Last year, just as lawmakers were about to begin serious discussions surrounding New York's state budget, the COVID-19 pandemic ground activity in the halls of the Capitol to a standstill.

But as restrictions have lifted, meetings and sessions of the Legislature went partially to video conference technology, and the end of the pandemic saw something of a return to normalcy for the Legislature, a new analysis released Friday found. 

Legislators approved 892 bills in the last six months that were backed by both the state Senate and Assembly, according to the analysis released by the New York Public Interest Research Group. The total is more than double the 413 two-house bills approved in 2020, when the session was curtailed amid the pandemic.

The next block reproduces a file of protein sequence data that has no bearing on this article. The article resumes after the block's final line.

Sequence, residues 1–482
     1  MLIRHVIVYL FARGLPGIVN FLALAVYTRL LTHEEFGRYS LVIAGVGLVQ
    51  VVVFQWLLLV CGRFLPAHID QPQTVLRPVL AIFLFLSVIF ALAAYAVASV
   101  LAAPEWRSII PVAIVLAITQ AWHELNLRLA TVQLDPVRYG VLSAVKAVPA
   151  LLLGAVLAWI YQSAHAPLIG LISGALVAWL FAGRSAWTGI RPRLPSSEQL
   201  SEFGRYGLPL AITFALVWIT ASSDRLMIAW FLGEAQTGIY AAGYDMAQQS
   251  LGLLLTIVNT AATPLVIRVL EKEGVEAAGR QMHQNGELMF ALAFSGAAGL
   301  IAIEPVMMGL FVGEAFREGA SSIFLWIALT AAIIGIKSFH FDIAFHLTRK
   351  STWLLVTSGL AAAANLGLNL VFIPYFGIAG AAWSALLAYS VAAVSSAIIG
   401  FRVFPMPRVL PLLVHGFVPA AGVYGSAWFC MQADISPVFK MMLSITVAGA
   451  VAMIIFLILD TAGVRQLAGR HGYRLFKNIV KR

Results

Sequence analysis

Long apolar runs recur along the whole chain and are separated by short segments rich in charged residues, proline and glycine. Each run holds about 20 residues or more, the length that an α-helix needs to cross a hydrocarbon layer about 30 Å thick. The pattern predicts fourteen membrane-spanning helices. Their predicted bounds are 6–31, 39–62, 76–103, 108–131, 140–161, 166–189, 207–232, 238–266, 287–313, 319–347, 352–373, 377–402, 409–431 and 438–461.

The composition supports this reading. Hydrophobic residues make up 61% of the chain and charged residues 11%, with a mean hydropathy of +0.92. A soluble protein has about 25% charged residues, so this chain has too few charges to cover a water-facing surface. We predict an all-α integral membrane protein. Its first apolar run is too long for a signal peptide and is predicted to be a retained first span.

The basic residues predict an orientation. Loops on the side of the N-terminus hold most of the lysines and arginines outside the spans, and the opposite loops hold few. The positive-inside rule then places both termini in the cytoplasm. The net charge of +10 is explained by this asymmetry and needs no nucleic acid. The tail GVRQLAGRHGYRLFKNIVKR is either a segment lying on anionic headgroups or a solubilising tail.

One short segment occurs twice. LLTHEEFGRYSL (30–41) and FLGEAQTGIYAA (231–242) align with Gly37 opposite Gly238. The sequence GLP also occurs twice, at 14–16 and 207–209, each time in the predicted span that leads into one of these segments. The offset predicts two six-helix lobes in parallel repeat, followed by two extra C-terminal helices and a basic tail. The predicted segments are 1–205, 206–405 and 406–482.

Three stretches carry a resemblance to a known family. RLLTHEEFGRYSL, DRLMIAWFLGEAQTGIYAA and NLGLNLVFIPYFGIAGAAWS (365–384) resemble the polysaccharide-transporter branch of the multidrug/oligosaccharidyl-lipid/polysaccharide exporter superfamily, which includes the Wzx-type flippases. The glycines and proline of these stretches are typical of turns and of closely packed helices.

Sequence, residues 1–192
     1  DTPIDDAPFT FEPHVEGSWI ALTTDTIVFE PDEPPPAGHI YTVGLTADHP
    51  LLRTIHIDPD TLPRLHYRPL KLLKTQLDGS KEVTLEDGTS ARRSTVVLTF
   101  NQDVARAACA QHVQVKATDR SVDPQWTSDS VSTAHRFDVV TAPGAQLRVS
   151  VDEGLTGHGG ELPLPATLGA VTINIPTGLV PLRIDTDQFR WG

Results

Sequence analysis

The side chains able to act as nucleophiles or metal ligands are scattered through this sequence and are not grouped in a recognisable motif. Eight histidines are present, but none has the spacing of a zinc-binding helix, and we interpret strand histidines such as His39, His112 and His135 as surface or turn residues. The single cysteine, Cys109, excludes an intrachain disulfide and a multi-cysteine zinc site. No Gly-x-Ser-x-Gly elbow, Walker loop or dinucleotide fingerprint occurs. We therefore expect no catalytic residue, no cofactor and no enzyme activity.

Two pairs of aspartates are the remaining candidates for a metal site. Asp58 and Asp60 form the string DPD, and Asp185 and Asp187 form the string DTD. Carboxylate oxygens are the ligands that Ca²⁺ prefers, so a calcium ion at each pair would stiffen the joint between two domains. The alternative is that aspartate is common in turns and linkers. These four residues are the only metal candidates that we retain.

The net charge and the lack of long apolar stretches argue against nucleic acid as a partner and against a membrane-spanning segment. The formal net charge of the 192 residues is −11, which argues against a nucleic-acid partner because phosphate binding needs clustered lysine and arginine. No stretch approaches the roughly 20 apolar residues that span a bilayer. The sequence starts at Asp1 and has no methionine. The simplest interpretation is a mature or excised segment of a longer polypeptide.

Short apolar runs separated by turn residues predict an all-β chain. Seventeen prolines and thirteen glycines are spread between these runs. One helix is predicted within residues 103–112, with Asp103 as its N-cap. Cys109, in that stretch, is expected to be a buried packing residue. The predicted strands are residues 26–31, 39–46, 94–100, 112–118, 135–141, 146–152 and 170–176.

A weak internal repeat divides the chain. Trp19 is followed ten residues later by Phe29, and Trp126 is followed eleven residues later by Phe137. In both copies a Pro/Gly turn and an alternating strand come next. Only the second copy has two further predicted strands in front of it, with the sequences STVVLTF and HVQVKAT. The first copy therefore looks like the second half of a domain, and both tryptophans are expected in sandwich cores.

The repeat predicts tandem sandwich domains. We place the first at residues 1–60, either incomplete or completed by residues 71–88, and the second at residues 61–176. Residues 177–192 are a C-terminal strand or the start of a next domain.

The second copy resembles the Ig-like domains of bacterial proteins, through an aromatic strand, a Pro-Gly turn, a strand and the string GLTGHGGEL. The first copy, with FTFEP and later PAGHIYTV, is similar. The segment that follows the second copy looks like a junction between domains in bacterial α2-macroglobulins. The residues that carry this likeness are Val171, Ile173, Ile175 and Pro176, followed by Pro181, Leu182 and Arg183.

Last year, lawmakers returned for a truncated legislative session in the late spring. At the time, 413 bills were approved in both houses.  

The numbers are also not an indication of quality, but the quantity of the work that was done in the last half year. 

Still, this year's output is a sign the Legislature this year regained its footing as the pandemic continued on and much of the work was conducted in the virtual sphere. Lawmakers have since relaxed some restrictions on the number of people who can be in the legislative chambers, though mask wearing is still required to enter.  

Gov. Andrew Cuomo has until the end of the year to act on the measures. And lawmakers might still return at some point in 2021 to take up unfinished business, such as a restructuring of the MTA's leadership as proposed by the governor.